Rutu Modan’s The Property (Drawn & Quarterly), a graphic novel about a family trip to Warsaw and the long held secrets it reveals, (and a PW Best Book of the Year) received the Eisner Award for Best New Graphic Novel of the year at the 26th Annual Will Eisner Comic Industry Awards—the National Book Awards of the comics industry—at a ceremony held during San Diego Comic-Con International.
Probably the most surprising winner last night was The Fifth Beatle: The Brian Epstein Story by Vivek Tiwary (Dark Horse) with art by Andrew Robinson and Kyle Baker, which received an Eisner Award for Best Reality-Based Work. Tiwary is a first-time comics author far better known as an award-winning Broadway, music and TV/film producer and the book, a biography of the closeted gay man that discovered and managed the Beatles, won against a formidable line-up in its category.
There were many highlights, if not surprises, at this year’s Eisner Awards, which once again featured a brisk and entertaining ceremony—for years the beloved event has been chided for the length of the ceremony. This year the ceremony finished about 10:43 pm, the shortest time ever, a fact noted at the Eisner after-party, which now gets started earlier and seems a bit more crowded and lively. Both Jaime Hernandez and his brother Gilbert, the team that has produced the acclaimed Love and Rockets graphic novel series for more than 30 years, won for the first time. Jaime, clearly overjoyed after the long wait for his first Eisner, won for Best Writer/Artist and Gilbert for Best Short Story, both for Love & Rockets: New Stories #6.
In another highlight that was pretty easy to pick in advance, Brian K. Vaughan and Fiona Staples, the writer/artist team behind Saga, the popular and critically acclaimed sci-fi/fantasy series from Image Comics, took home several Eisner Awards. Vaughan won for Best Writer and shared an Eisner with Staples for Best Continuing Series. Staples won for Best painter/multimedia artist for Saga. In the same general “category"—critically acclaimed, wildly popular—writer Matt Fraction and artist Chip Zdarskly won for Best New Series for Sex Criminals (Image).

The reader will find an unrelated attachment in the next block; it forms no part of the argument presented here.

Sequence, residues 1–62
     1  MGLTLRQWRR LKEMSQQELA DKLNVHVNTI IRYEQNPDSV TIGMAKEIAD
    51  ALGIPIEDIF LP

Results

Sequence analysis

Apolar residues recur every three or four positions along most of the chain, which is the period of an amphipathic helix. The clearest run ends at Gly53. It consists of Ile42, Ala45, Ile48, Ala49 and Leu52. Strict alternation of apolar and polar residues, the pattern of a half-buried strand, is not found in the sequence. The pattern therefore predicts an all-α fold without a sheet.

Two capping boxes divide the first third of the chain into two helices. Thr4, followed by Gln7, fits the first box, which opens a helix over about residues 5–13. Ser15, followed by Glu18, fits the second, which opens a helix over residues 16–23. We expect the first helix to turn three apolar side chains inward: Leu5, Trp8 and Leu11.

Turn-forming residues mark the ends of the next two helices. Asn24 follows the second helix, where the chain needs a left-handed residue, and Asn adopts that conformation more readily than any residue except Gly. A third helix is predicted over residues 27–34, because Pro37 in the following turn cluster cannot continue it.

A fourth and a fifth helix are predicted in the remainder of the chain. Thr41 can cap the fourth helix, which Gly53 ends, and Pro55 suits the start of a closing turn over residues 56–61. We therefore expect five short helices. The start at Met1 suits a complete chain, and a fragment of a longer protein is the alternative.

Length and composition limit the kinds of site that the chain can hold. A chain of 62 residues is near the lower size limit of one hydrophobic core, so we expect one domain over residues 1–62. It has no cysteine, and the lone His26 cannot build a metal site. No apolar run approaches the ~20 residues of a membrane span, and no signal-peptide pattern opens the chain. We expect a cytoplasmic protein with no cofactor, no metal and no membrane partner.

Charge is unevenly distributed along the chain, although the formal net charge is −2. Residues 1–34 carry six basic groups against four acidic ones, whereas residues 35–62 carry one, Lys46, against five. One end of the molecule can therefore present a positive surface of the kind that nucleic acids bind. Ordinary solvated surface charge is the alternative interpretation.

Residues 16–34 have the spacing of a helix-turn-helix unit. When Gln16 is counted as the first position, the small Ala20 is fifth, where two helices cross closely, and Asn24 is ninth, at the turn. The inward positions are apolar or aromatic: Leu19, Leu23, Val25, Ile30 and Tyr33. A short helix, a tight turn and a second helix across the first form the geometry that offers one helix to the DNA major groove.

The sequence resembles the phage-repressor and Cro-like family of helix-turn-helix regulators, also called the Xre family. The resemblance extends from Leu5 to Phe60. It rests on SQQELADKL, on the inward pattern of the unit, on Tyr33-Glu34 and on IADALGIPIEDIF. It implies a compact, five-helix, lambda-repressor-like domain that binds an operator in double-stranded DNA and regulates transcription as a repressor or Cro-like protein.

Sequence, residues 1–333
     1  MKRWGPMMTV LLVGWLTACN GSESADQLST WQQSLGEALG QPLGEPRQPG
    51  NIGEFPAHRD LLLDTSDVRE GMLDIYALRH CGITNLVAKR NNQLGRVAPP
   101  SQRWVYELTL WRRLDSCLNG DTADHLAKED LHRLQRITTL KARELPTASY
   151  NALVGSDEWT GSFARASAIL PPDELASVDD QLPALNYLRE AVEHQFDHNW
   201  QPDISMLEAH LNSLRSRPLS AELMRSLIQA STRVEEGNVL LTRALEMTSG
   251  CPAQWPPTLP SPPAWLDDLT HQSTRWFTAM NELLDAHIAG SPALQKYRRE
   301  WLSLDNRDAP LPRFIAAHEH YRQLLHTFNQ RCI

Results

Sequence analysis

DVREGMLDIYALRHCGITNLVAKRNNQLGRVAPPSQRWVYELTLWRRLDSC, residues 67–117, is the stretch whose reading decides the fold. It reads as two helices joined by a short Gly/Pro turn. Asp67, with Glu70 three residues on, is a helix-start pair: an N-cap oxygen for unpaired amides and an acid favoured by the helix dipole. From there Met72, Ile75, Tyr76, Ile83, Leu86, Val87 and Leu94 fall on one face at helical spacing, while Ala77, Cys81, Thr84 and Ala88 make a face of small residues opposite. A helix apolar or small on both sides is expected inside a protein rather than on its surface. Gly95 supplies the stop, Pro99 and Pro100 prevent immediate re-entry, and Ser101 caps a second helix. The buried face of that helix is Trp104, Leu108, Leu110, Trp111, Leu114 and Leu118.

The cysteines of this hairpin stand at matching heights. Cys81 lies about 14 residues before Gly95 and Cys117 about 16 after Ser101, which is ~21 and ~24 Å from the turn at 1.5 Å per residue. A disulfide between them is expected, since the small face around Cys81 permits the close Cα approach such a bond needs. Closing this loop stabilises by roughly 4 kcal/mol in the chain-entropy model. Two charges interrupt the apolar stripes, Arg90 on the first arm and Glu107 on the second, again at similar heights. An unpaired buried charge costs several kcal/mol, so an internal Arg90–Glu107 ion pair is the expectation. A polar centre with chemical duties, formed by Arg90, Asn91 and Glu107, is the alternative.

In the kids' and YA category, Faith Erin Hicks was awarded both an Eisner for Best Publication for Kids for The Adventures of Superhero Girl (Dark Horse) and a virtual collective embrace from the Twitterverse for her tearfully joyful, moving acceptance speech. Paul Pope’s Battling Boy (First Second), a rousing tale of a super-kid (and his super T-shirts) who fights monsters, won an Eisner for Best Publication for Teens. Also in the kids’ category, Jeffrey Brown’s Vader’s Little Princess (Chronicle), another in his remarkable kids-focused parodies of the Star Wars franchise, won for Best Humor Publication.
In other book-related categories, Sheena Howard and Ronald L. Jackson won the Eisner Award for Best Scholarly/Academic Work for editing Black Comics: Politics of Race and Representation (Bloomsbury); IDW’s Dean Mullaney and Scott Dunbrier won Eisners for Best Design and Best Comics-related book (Genius, Illustrated: The Life and Art of Alex Toth ) and Best Archival Project Comics Strips (Tarzan: The Complete Russ Manning Newspaper Strips, vol. 1) and Best Archival Project Comic Books (Will Eisner’s The Spirit Artist’s Edition).
This year’s Hall of Fame selection included the Orrin C. Evans (the late publisher of the 1947 All-Negro Comics, the first black owned and created comic book series), Irwin Hasen, Sheldon Moldoff and Hayao Miyasaki.
Rounding out the book-related Eisner winners, Jeff Smith’s self-published RASL (a PW Best Book of the Year) from Cartoon Books won for Best Graphic Album-Reprint (the comics industry considers moving from periodical serialization to book-format a reprint). Darwyn Cooke’s continuing adaptations of Donald Westlake’s iconic Parker crime series won Best Adaptation for Slayground (IDW). Jacques Tardi and Jean-Pierre Verney’s Goddam This War!, edited by Fantagraphic’s late and much-admired publisher/editor Kim Thompson, and Osamu Tezuka’s The Mysterious Underground Men, published by PictureBox, which has now ceased publication, won separate Eisner Awards for Best U.S. Edition of International Material.